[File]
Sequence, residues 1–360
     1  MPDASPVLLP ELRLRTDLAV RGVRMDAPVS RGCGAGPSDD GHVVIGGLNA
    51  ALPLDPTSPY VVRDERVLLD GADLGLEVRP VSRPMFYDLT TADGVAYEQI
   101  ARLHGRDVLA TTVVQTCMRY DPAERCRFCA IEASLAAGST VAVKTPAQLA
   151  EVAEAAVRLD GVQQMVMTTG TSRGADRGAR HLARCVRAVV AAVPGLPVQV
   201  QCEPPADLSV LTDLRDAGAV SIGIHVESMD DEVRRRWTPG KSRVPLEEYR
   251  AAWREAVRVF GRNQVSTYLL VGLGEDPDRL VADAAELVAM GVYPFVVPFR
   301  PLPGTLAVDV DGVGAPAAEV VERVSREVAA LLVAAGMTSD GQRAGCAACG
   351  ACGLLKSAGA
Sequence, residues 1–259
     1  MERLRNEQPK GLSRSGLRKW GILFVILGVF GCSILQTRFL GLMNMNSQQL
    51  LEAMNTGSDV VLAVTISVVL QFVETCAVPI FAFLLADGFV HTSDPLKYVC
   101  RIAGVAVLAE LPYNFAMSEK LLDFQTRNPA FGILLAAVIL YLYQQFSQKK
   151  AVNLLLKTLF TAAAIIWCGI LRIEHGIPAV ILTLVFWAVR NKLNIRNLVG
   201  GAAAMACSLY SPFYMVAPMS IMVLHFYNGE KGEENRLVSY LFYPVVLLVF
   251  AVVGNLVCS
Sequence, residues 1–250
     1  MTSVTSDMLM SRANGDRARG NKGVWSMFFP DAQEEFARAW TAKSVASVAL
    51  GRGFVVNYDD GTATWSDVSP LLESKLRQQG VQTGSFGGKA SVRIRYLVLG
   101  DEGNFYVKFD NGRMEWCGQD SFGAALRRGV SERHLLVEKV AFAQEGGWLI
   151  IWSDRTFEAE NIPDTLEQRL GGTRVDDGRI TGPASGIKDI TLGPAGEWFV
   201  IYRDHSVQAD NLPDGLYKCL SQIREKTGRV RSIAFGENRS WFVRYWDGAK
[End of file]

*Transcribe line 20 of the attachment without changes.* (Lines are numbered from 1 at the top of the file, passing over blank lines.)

   101  DEGNFYVKFD NGRMEWCGQD SFGAALRRGV SERHLLVEKV AFAQEGGWLI